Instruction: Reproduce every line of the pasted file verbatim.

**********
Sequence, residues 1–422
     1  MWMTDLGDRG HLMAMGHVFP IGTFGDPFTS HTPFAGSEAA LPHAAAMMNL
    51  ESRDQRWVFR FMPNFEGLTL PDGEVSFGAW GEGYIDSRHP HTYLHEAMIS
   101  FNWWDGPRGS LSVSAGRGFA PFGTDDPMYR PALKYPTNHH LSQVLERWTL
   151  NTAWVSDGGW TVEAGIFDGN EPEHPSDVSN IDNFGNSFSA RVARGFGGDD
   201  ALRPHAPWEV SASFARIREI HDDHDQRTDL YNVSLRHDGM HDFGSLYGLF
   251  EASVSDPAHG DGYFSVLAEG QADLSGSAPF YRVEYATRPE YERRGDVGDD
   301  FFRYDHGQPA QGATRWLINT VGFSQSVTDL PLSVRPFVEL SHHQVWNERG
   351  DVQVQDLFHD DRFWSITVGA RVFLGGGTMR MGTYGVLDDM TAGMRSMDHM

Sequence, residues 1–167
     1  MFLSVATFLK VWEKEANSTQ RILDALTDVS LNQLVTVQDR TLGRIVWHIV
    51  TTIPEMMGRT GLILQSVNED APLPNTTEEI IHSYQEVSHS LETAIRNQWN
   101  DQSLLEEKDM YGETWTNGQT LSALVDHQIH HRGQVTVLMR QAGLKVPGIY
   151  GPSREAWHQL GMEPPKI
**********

Sequence, residues 1–422
     1  MWMTDLGDRG HLMAMGHVFP IGTFGDPFTS HTPFAGSEAA LPHAAAMMNL
    51  ESRDQRWVFR FMPNFEGLTL PDGEVSFGAW GEGYIDSRHP HTYLHEAMIS
   101  FNWWDGPRGS LSVSAGRGFA PFGTDDPMYR PALKYPTNHH LSQVLERWTL
   151  NTAWVSDGGW TVEAGIFDGN EPEHPSDVSN IDNFGNSFSA RVARGFGGDD
   201  ALRPHAPWEV SASFARIREI HDDHDQRTDL YNVSLRHDGM HDFGSLYGLF
   251  EASVSDPAHG DGYFSVLAEG QADLSGSAPF YRVEYATRPE YERRGDVGDD
   301  FFRYDHGQPA QGATRWLINT VGFSQSVTDL PLSVRPFVEL SHHQVWNERG
   351  DVQVQDLFHD DRFWSITVGA RVFLGGGTMR MGTYGVLDDM TAGMRSMDHM

Sequence, residues 1–167
     1  MFLSVATFLK VWEKEANSTQ RILDALTDVS LNQLVTVQDR TLGRIVWHIV
    51  TTIPEMMGRT GLILQSVNED APLPNTTEEI IHSYQEVSHS LETAIRNQWN
   101  DQSLLEEKDM YGETWTNGQT LSALVDHQIH HRGQVTVLMR QAGLKVPGIY
   151  GPSREAWHQL GMEPPKI